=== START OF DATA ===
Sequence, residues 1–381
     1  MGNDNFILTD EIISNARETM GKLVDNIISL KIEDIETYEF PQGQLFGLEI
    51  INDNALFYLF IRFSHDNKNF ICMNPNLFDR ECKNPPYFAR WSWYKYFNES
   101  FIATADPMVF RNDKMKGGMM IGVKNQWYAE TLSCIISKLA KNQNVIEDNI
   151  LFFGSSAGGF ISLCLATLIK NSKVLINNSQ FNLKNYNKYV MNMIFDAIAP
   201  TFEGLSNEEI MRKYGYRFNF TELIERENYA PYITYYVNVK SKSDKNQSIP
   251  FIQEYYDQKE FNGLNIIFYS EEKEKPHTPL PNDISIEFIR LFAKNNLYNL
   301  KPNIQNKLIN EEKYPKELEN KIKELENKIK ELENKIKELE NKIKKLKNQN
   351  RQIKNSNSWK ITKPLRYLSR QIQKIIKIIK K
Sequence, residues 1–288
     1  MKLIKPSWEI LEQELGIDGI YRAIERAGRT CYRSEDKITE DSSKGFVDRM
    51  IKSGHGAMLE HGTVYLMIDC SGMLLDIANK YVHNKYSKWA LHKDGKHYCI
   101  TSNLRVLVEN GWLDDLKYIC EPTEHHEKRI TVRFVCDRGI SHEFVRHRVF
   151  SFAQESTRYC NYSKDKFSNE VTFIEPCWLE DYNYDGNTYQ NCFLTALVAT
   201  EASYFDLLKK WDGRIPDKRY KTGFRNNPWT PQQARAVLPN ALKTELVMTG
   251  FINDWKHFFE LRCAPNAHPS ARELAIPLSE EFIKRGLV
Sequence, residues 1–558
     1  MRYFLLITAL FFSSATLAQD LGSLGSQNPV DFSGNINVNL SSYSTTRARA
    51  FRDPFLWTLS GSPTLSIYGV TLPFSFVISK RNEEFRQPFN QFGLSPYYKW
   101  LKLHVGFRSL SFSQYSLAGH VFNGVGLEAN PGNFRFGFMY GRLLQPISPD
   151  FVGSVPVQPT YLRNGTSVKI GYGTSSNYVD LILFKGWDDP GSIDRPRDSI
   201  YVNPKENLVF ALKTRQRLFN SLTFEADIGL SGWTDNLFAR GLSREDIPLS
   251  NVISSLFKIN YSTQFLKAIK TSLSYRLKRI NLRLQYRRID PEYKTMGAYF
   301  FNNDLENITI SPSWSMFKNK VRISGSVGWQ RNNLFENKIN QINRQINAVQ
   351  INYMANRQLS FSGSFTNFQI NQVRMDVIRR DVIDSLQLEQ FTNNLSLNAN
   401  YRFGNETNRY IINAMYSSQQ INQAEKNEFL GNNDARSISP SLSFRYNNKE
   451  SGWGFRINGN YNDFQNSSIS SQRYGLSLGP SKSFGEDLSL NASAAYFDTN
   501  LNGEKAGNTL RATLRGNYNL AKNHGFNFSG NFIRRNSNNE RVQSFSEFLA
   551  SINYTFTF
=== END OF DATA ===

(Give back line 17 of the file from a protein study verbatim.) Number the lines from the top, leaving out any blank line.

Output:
Sequence, residues 1–558